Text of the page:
639 Posts and 1,151 comments


I was just about to write my evening’s post when I saw on the dashboard that I’d written 639 posts and had 1,151 comments on this log since it started in August 2006.

I just wanted to thank all those who have left comments over this  period and to say that they have had a significant impact upon how I approach my work.   

Street Kids

We recently went to see Joan Eardley’s exhibition at the National Gallery for Scotland.  I loved her paintings of Street Kids- see below. It reminded me of a photograph I took of my own kids when they were small.  I’ve played around with photoshop to try to recreate Eardley’s feel – and failed miserably.

It’s work like Eardley’s which reminds us why we are in the job.

Street Kids

Parents and Children as Customers – an outward facing public service


You know that niggling feeling that you get when you’ve got an idea bubbling just underneath the surface and can’t quite express it – then again perhaps you don’t but it’s one with which I’m often afflicted.  It’s like that for me at the moment with this business of parents and children as customers.  I just can’t help feeling it would make such a difference to the quality of the service we provide – yet at the same time the very word customer sets up such a huge obstacle – no matter how you might try to redefine it as a concept in the 21st century.

I’ve played around with  suggesting that “customer” should be a metaphor for how we should treat parents and children – but this hits the same deep rooted problem of traditional perceptions of the relationship between provider and customer.

My niggle was rekindled yesterday when listening to Anna – a sixth year student from a school in the Scottish Highlands. She was very positive about most of her school experiences – but the recurring theme was how things could be so much better of the teachers and the school tried to look at the school experience through her eyes, and the eyes of her fellow students. To paraphrase what she was saying – and this is, of course, my interpretation – “school isn’t designed for her or her peers, but one where their needs are secondary to the interests of the school”. Yet when I asked a question to headteacher, who was also on the panel, if he was comfortable with the idea of children as customers he immediately replied that he wasn’t, to be quickly supported by Anna herself.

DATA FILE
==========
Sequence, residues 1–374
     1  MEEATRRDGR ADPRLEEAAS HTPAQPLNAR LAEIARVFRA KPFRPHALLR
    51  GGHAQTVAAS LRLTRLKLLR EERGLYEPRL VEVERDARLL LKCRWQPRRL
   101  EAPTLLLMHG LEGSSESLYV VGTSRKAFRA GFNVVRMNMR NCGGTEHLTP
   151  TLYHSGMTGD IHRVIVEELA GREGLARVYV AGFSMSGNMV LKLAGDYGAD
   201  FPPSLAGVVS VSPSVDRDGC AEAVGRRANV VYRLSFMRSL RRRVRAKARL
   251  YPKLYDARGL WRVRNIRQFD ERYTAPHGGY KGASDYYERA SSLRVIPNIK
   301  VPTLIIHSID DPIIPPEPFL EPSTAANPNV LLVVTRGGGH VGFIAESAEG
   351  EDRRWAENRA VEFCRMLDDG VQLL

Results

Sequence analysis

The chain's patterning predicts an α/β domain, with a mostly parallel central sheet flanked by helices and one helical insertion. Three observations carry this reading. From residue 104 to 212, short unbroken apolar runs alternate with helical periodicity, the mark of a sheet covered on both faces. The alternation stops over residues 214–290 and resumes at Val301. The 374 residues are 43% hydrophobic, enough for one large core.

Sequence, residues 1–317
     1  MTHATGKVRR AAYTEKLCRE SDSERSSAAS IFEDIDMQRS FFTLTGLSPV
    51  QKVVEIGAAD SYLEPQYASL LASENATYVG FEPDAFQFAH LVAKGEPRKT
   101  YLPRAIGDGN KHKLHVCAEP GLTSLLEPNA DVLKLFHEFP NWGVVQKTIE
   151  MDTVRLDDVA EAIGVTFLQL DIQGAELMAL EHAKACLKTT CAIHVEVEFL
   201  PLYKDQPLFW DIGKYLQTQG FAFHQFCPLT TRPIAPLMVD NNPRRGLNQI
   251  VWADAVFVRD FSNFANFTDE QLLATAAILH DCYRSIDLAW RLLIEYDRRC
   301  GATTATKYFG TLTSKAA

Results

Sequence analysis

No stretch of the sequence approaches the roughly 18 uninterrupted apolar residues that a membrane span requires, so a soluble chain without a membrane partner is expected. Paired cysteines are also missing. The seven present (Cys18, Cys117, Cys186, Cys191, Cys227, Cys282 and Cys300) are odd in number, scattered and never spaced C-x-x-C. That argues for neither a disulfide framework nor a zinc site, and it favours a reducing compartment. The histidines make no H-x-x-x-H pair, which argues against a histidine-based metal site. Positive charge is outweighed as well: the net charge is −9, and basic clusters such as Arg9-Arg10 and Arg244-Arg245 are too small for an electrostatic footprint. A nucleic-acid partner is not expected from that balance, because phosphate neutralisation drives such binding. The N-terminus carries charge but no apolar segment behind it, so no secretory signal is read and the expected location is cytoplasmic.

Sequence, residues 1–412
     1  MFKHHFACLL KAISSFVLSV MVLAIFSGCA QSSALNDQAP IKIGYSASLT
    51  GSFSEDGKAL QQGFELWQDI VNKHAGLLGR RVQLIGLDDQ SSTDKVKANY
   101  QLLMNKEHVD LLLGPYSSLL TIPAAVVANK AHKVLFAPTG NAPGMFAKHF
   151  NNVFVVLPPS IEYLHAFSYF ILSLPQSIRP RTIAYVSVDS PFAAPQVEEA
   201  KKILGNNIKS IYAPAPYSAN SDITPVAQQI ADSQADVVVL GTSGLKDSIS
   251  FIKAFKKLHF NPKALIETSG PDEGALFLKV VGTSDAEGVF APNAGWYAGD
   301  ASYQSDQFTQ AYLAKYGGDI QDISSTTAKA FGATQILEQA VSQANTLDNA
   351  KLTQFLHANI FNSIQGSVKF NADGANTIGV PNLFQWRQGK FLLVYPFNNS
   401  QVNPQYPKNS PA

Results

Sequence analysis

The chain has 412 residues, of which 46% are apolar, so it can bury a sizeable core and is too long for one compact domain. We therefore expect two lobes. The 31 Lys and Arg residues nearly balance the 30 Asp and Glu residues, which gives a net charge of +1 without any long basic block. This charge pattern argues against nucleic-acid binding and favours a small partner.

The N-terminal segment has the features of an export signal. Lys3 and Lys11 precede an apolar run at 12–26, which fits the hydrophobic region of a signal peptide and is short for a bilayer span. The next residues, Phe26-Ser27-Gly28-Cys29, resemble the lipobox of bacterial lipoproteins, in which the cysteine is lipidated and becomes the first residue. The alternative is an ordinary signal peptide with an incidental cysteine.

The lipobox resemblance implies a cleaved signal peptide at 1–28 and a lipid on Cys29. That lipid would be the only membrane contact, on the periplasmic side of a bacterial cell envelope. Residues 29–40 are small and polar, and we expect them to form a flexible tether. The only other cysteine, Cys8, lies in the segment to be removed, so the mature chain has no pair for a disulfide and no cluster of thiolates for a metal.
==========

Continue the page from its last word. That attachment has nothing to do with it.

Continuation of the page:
So that was it for me – here was someone pushing for a service which was directed towards her needs – a customer focussed service – but  for whom the very word customer put her off. So no more talk of customers – but what are the alternatives?

Guineapigmum likes the idea of partners – and I think a good school should be characterised by a partnership between teachers, parents and children – but it still doesn’t capture for me the idea of being “customer” (oops) facing. In other words it’s possible to enter into a partnership where you are primarily interested in fulfilling your own needs – and that by working in partnership with others we gain mutual benefit.  However, should schools only enter into partnership with parents and children to gain something for themselves? What if a parent doesn’t want to be a partner – do we treat them differently? What if a six year old child doesn’t want to be a partner – do we give up on them and wait until they do? 

As I’ve mentioned more than once on this Log my own father was a doctor.  He served his patients – their needs predominated.  He sacrificed his own needs to serve the needs of his community.  Sure he worked with his patients and they loved him for it – but it wasn’t a partnership.  I suppose the word here is “duty” – a duty to serve those who needed his services. They didn’t have a “duty” to work with him. 

For me it’s all to do with which way you are facing.  Do we start facing towards our own needs (inwards)? – or do we start facing towards those whom we serve (outwards)?

So that’s it – simple really!  We need to be an outward facing service where we seek to provide the highest quality service possible to those whom we serve – parents and their children (not customers) – and if that means that some of our own needs and wants have to be sacrificed to that end then so be it.